The big challenge for the European Green Deal is diplomatic. Europe accounts for around 9.1% of global carbon dioxide emissions, compared with 30% for China and 14% for the US. Even if Europe fully implements the Green Deal, it will be for naught if China, the US, and other regions fail to match its efforts. European leaders therefore rightly treat diplomacy as crucial to the Green Deal’s success.

Consider China. China is the world’s leading emitter of CO2 (though only half of America’s emissions per person). China by itself will determine the world’s climate future. On one hand, Chinese leaders know that their country is extremely vulnerable to climate change and at risk of becoming diplomatically isolated if it fails to decarbonize. Government hardliners and China’s coal lobby are resisting decarbonization. European diplomacy can make the difference if it offers China a clear and positive partnership: working together on sustainable Eurasian infrastructure, development, and technology, in the context of a Chinese Green Deal alongside Europe’s. Such a partnership would hugely benefit Europe, China, and the dozens of Eurasian countries in between, and indeed the entire world.

The EU has promised to develop stronger international climate diplomacy strategies focused on persuading other nations to adopt "green deal" type strategies, with plans to "mobilize all channels," including the U.N., G7, G20 and World Trade Organization, to advocate bolder climate action — particularly ahead of COP26 in Glasgow.

Maintaining good international relations while pushing its climate agenda will be a balancing act, predicted the European Corporate Leaders Group of top businesses. A key challenge for Europe will be to manage and develop its trade relationships to secure and incentivize the transition to a zero-carbon economy, whilst not creating unnecessary confrontations with other economies.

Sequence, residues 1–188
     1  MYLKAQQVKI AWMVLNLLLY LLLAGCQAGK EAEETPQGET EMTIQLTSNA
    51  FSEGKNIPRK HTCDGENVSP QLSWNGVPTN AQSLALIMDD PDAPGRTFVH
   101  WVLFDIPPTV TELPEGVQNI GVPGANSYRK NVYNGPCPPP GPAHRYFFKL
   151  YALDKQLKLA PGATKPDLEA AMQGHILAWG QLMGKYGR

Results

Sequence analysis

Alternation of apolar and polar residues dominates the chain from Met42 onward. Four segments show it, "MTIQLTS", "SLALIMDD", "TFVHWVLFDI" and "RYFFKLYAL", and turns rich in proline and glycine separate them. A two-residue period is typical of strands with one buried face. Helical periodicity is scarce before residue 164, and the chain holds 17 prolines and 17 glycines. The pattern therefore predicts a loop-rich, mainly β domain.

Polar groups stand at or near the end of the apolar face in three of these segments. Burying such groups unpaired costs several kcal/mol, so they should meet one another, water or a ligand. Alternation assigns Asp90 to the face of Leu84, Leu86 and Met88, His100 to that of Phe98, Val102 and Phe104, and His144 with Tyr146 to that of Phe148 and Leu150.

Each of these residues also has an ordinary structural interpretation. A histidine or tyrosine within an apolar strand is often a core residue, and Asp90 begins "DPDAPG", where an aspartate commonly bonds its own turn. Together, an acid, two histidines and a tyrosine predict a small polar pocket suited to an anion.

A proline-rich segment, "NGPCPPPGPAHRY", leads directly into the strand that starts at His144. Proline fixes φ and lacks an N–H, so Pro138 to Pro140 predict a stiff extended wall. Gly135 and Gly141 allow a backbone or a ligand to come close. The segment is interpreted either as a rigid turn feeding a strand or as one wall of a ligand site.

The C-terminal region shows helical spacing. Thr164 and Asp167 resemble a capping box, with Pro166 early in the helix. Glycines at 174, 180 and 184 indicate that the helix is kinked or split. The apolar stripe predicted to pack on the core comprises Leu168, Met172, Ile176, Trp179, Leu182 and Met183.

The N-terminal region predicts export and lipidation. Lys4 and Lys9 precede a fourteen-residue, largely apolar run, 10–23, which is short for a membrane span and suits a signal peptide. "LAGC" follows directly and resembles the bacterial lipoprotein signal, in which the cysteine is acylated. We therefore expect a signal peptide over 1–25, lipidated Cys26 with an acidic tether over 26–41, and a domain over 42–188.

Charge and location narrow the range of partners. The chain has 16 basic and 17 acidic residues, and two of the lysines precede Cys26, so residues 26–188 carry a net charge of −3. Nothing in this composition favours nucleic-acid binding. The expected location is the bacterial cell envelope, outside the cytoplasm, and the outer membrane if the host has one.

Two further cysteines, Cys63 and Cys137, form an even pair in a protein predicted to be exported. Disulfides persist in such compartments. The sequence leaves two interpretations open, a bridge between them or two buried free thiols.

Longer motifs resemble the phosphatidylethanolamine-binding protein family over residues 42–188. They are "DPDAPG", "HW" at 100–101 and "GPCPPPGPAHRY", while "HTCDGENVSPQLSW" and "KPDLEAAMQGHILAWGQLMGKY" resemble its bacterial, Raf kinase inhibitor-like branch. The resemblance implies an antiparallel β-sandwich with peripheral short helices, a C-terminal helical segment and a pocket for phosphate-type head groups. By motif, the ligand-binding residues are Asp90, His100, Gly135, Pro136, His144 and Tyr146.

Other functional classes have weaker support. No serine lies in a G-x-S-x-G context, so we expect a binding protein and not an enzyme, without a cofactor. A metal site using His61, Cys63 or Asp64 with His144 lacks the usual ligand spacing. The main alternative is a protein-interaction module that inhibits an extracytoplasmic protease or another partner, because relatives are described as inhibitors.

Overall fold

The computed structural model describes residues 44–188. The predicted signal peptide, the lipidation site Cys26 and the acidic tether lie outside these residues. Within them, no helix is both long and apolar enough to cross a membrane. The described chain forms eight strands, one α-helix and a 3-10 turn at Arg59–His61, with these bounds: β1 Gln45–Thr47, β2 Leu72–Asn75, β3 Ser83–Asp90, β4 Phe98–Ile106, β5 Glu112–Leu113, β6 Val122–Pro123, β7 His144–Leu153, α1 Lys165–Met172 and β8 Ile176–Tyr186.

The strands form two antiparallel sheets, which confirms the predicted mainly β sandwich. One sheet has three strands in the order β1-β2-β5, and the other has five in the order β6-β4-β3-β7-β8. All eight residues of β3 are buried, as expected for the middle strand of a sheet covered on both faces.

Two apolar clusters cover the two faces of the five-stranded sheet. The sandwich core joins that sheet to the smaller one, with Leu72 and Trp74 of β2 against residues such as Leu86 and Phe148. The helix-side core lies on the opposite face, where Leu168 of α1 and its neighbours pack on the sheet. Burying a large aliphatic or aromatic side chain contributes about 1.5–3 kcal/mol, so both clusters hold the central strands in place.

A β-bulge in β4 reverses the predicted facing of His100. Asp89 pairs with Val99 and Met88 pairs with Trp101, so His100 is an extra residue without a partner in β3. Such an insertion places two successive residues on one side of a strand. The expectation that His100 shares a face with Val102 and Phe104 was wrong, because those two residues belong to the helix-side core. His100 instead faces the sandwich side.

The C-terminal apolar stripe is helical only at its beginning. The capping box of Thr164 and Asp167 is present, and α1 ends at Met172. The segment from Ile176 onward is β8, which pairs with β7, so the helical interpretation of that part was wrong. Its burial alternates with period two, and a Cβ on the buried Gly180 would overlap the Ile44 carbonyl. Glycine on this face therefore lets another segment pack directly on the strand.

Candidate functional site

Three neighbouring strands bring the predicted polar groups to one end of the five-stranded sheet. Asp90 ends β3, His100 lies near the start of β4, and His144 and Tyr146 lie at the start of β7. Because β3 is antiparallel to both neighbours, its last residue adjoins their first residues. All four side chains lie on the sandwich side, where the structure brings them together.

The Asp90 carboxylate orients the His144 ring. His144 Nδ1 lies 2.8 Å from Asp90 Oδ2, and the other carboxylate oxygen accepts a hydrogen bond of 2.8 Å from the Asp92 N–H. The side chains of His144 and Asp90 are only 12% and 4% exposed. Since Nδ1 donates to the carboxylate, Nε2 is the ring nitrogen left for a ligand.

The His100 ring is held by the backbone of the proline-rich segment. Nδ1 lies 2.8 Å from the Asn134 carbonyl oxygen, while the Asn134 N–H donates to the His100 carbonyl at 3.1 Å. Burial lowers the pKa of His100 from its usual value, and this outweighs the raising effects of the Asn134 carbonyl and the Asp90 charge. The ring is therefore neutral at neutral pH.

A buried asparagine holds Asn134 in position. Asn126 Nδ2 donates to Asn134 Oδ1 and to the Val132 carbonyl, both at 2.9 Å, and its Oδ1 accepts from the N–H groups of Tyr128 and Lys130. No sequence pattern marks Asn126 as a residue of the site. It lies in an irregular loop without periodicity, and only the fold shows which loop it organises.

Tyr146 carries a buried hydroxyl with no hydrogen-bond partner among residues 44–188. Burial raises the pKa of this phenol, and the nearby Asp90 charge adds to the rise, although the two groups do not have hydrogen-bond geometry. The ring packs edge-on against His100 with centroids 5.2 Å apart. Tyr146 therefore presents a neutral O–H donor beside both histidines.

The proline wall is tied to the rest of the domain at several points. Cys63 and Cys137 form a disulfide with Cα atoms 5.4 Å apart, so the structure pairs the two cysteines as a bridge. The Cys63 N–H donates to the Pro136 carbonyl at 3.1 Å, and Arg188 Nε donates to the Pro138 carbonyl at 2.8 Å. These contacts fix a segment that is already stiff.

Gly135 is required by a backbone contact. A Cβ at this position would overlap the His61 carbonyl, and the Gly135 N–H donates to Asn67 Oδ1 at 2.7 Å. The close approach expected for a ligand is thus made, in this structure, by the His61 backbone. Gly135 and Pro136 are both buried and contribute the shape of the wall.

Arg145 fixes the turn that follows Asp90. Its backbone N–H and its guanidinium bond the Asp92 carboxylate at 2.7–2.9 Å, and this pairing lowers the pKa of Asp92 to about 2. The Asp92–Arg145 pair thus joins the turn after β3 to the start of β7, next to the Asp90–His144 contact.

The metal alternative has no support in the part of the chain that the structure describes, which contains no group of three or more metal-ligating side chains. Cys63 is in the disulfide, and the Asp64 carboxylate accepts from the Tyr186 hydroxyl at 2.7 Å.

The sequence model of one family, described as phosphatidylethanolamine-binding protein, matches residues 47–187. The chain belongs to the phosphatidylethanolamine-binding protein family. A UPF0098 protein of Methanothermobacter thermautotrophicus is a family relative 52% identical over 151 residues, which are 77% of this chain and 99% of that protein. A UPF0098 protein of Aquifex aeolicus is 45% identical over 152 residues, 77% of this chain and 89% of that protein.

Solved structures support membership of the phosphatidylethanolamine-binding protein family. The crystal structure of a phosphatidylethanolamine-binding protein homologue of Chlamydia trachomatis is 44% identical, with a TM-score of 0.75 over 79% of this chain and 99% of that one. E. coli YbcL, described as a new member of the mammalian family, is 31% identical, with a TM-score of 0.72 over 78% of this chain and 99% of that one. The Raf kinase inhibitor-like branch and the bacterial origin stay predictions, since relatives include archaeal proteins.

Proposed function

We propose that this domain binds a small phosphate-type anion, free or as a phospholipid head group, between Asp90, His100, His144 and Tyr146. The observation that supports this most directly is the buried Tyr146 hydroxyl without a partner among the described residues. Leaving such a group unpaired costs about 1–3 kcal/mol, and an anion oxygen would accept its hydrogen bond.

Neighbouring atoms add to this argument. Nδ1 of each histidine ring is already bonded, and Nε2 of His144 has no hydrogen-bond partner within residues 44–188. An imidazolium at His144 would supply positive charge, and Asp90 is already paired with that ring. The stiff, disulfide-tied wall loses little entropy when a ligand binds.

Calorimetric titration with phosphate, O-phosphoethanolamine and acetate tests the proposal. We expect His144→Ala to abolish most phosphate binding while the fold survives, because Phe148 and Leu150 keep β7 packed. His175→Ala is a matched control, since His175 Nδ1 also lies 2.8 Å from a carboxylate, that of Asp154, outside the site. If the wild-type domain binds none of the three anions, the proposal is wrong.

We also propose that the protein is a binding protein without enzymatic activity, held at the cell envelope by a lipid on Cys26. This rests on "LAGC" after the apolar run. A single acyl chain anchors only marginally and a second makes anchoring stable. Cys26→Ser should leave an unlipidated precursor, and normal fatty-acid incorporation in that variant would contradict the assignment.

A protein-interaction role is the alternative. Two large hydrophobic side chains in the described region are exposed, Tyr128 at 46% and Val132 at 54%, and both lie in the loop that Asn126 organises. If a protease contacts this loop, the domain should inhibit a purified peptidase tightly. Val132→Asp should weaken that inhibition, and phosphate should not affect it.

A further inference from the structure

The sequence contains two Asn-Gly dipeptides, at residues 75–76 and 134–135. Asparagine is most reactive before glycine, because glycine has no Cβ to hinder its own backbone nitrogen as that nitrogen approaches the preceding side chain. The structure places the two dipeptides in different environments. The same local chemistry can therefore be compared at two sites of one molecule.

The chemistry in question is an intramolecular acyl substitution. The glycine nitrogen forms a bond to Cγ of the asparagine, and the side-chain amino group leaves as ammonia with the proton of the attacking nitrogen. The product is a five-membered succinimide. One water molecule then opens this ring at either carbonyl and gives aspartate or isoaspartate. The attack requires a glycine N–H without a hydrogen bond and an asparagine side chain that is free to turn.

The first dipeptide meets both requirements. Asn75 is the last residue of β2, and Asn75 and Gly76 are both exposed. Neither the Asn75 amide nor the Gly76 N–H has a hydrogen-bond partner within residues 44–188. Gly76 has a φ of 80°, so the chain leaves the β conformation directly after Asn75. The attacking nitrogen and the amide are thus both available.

The Green Deal has received a largely positive reaction from NGOs and business groups, who in particular welcomed the influence it could have on global progress on carbon emissions, even if some activists insist it should go further.

But many in the green business sector remain nervous about translating the long-term ambition of the strategy — however laudable — into concrete action on the ground in the next few years. After all, Europe is already off track to meet its current 2030 decarbonization targets, and meeting the more ambitious goals will require real action almost immediately.

Implementing the deal will require fast and far-reaching legislation across a range of sectors. For the European Green Deal to be effective, it will need to be supplemented by ambitious near-term measures to accelerate emission cuts in the buildings, transport and energy, as well as greening the financial system. These near-term priorities must be urgently accompanied by an ambitious EU-wide innovation program to test critical solutions like carbon capture and storage, hydrogen and new land use management techniques. These will be key to cutting emissions in hard to treat sectors, such as heavy industry and long-distance transport.

The EU green deal diplomacy will be focused on convincing and supporting others to take on their share of promoting more sustainable development. By setting a credible example, and following-up with diplomacy, trade policy, development support and other external policies, the EU can be an effective advocate. The Commission and the High Representative will work closely with Member States to mobilise all diplomatic channels both bilateral and multilateral – including the United Nations, the G7, G20, the World Trade Organization and other relevant international fora. The EU will continue to ensure that the Paris Agreement remains the indispensable multilateral framework for tackling climate change. As the EU's share of global emissions is falling, comparable action and increased efforts by other regions will be critical for addressing the global climate challenge in a meaningful way.